At the same time, air pollution control in most parts of China continued to show improvements. This resulted in the data for the first three quarters of 2018 showing an ever larger percentage reduction in PM2.5 concentrations for most regions and cities compared to the same period of 2017:
The Blue Sky Battle Plan (2018-2020) required the 3 key regions to implement special Winter Air Pollution Battle Plans to tackle air pollution for the autumn to winter months of October to March.
Such a battle plan had proven very effective for the BTH 2+26 region in the previous 2017-2018 winter season. Winter traditionally sees a 30% increase in air pollution in this part of China mainly due to the increased use of coal to power centralized indoor heating systems.
This started to change in 2017 when the government began switching to Liquid Natural Gas (LNG) to power indoor heating systems in many Northern Chinese cities.
The switch did not go entirely smoothly in the winter of 2017 due to a lack of gas, forcing some locations to turn back on their coal-fired systems. However, the air quality that winter in the 2+26 region did see significant improvement, at least partly due to the winter air pollution battle plan.
The target set in the first Winter Battle Plan for a 15% reduction was exceeded by a wide-margin in the last quarter of 2017, with the average PM2.5 concentration falling by 34.3% year on year. The improvement for the whole autumn-winter period (October to March) was lower at about 25%, but still a large beat of the original target.
A significant part of this improvement, however, has been attributed to weather conditions during the winter months of 2017-2018. According to a Greenpeace representative, favorable weather conditions was the reason for about half of the reduction in air pollution.
So any further reduction from this much lower base would be difficult to achieve.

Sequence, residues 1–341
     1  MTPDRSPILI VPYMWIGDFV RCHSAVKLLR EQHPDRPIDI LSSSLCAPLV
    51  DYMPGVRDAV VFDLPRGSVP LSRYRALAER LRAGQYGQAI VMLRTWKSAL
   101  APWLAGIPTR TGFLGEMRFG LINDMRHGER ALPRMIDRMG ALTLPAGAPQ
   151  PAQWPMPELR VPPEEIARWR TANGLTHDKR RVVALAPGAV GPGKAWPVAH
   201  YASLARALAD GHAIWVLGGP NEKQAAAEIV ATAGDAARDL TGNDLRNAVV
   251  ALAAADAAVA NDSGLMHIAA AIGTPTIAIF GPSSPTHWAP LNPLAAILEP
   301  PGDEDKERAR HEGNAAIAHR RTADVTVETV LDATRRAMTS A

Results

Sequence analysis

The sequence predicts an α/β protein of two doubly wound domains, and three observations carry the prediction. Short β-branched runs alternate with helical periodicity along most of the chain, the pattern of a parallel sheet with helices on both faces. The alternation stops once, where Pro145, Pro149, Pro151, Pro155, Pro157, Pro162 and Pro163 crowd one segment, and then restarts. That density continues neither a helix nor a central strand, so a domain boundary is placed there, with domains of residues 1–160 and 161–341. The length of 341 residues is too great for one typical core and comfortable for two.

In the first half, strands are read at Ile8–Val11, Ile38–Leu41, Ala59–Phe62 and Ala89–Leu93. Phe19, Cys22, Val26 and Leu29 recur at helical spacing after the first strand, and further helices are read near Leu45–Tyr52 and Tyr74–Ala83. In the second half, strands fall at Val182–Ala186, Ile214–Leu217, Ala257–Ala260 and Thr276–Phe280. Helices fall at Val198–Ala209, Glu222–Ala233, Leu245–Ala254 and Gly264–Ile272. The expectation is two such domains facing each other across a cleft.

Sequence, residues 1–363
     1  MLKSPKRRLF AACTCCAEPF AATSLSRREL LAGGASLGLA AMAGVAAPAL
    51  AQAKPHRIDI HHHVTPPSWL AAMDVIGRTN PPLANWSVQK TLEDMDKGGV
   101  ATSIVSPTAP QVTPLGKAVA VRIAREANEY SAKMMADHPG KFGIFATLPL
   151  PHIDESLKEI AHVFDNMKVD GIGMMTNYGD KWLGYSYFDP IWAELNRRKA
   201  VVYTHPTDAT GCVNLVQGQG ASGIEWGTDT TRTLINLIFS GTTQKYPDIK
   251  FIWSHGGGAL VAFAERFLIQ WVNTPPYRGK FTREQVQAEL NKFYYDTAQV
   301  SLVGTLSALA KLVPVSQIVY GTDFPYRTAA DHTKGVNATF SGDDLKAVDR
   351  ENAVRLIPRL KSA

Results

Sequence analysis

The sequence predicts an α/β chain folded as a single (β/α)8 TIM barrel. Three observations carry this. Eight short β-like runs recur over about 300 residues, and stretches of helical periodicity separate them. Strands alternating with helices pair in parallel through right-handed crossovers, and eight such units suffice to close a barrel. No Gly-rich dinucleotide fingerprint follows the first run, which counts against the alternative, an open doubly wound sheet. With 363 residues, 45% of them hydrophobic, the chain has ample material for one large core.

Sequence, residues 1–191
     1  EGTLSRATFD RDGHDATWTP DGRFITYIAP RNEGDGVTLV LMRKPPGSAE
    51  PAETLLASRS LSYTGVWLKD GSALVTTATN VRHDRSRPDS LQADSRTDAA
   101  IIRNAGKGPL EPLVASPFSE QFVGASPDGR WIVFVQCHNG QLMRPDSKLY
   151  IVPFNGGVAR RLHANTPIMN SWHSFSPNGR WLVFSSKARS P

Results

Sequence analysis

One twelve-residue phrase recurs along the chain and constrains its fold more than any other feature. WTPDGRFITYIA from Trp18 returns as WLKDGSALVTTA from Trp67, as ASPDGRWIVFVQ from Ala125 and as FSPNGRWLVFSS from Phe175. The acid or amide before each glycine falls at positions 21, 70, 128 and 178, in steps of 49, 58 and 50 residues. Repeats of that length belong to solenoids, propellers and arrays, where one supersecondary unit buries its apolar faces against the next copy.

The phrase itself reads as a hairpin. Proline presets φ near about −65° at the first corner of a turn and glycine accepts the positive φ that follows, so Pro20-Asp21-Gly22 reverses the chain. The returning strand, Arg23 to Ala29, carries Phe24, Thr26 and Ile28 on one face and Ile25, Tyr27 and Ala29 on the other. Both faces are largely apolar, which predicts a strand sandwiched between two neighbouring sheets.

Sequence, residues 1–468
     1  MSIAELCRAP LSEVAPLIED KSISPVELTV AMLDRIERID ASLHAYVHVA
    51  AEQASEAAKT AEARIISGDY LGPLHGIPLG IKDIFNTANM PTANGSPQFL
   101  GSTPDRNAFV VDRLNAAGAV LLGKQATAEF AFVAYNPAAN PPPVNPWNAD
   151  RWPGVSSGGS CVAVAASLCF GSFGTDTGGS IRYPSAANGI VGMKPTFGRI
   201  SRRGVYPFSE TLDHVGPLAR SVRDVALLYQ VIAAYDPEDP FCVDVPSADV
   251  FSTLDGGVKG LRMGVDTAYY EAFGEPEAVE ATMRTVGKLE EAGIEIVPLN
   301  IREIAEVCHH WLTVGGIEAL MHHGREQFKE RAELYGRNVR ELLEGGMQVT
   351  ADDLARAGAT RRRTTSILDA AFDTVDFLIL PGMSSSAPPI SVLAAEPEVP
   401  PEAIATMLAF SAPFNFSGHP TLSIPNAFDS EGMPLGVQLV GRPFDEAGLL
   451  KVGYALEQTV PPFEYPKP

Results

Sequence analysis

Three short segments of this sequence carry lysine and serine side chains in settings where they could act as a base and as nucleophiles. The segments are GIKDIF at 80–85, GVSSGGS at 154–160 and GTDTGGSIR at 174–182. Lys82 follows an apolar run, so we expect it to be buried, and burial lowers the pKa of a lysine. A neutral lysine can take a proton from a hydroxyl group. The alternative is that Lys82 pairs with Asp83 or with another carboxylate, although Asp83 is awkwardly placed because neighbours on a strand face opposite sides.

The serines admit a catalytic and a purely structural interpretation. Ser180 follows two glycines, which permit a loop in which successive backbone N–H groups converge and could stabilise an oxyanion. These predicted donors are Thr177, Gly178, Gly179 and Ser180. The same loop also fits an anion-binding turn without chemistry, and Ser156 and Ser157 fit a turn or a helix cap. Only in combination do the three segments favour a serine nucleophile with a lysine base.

Earlier in 2018 a draft of the Winter Battle Plan for 2018-2019 set the PM2.5 average concentration reduction target at 5% for the BTH and Surrounding Areas region. But in October the Ministry of Ecology and Environment (MEE) lowered this target to 3%, citing forecasts for weather conditions to be less favorable the coming winter.
This year’s battle plan also gave local governments more leeway in deciding how to fight air pollution in their areas, unlike the previous winter when the central government set many more detailed and blanket measures for the entire BTH 2+26 region.
Apart from the BTH 2+26 region, the Fen-Wei plains region was given a winter battle plan target for a 4% reduction in its average PM2.5 concentration. This would mainly be achieved by requiring the 11 cities in this region to also switch from coal to natural gas for household heating.
And the YRD region was set a target for a 3% reduction of average PM2.5 concentration for the autumn to winter months.
Despite the Winter Battle Plans, North China experienced some poor air quality at the beginning of the coverage period in October 2018.
Later, in early November, the BTH and Surrounding Areas region and the Fen-Wei Plains region were both attacked by the first severe air pollution of 2018. This was followed by more bouts of air pollution in the middle and late November. Air pollution alerts were raised in all of the three key target regions, including the highest red alert raised in some cities.
The poor air quality in the fourth quarter meant a relative deterioration in average air quality for the the BTH 2+26 region as a whole compared to the year before; although other regions did see improvement.